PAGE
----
Individuals and families who meet certain income requirements will be eligible to receive tax credits – sometimes referred to as subsidies – to help them purchase health insurance. Rather than having to wait to file your taxes – as is the case with most tax credits – these tax credits for health insurance will be available immediately to help individuals and families lower their monthly health plan premium.

These tax credits will be available for U.S. citizens and legal immigrants with incomes up to 400 percent of the federal poverty level who are not eligible for other public programs such as Medicaid, Children’s Health Insurance Program (CHIP), Medicare or military coverage. In addition, one must not have access to health insurance through his or her employer in order to receive a tax credit. However, there are exceptions to this if the coverage offered by the employer does not cover 60 percent of the required covered benefits or the employee share of the premiums exceeds 9.5 percent of the employee’s income.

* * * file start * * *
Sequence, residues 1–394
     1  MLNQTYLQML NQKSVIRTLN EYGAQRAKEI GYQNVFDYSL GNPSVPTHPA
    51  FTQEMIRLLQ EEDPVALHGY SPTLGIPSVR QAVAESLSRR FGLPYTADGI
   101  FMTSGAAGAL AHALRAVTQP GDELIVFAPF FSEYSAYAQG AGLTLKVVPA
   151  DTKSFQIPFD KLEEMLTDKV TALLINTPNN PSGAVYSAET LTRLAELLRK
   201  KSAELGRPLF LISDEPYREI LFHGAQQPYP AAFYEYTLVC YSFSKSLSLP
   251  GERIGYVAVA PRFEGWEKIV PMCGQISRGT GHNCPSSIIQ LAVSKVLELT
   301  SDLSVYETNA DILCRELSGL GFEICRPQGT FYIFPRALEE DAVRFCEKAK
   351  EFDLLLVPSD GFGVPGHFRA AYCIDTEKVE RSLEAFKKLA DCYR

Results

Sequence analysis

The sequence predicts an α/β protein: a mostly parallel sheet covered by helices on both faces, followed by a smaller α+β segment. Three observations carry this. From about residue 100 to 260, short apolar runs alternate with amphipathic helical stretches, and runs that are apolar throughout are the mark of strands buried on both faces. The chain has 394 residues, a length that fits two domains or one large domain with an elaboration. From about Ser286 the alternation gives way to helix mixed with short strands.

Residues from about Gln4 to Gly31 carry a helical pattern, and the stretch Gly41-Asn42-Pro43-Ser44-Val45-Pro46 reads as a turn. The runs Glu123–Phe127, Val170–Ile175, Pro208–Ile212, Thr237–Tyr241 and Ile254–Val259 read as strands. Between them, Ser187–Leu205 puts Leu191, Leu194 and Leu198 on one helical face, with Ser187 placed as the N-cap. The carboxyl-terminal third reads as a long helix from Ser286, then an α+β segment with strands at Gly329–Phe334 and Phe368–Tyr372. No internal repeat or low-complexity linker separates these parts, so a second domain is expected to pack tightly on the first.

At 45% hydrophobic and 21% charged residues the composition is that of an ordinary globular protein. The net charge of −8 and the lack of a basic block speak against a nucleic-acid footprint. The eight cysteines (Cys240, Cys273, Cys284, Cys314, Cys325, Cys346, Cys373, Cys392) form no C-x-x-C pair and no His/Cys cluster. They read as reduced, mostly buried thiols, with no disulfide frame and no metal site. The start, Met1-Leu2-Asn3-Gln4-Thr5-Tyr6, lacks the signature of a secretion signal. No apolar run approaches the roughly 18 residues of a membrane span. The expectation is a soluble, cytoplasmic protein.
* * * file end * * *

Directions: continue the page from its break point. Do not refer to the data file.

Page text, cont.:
The premium tax credits will vary with income and are structured in such a way that an individual or family will not pay more for their health insurance premiums than a certain percentage of their income. The scale ranges from no more than 2 percent for those with incomes of 133 percent of the federal poverty level to 9.5 percent for those with incomes between 300-400 percent of the federal poverty level.

Most Kansans will be required to have health insurance in 2014

Beginning in 2014, most Kansans will be required by law to have health insurance or pay a tax penalty; this requirement is often referred to as the individual mandate. To meet the requirements, Kansans may have coverage provided through their employer, they may purchase it themselves or they might be covered through KanCare, the state’s Medicaid program. Health insurance issuers will provide documents to people they insure to prove that they have the minimum coverage required by law.

Some Kansans, however, will be exempt from this mandate, such as those who would have to pay more than 8 percent of their income for health insurance; people with incomes below the threshold of filing federal income tax; those who qualify for a religious exemptions; undocumented immigrants; people who are incarcerated; and members of Indian tribes.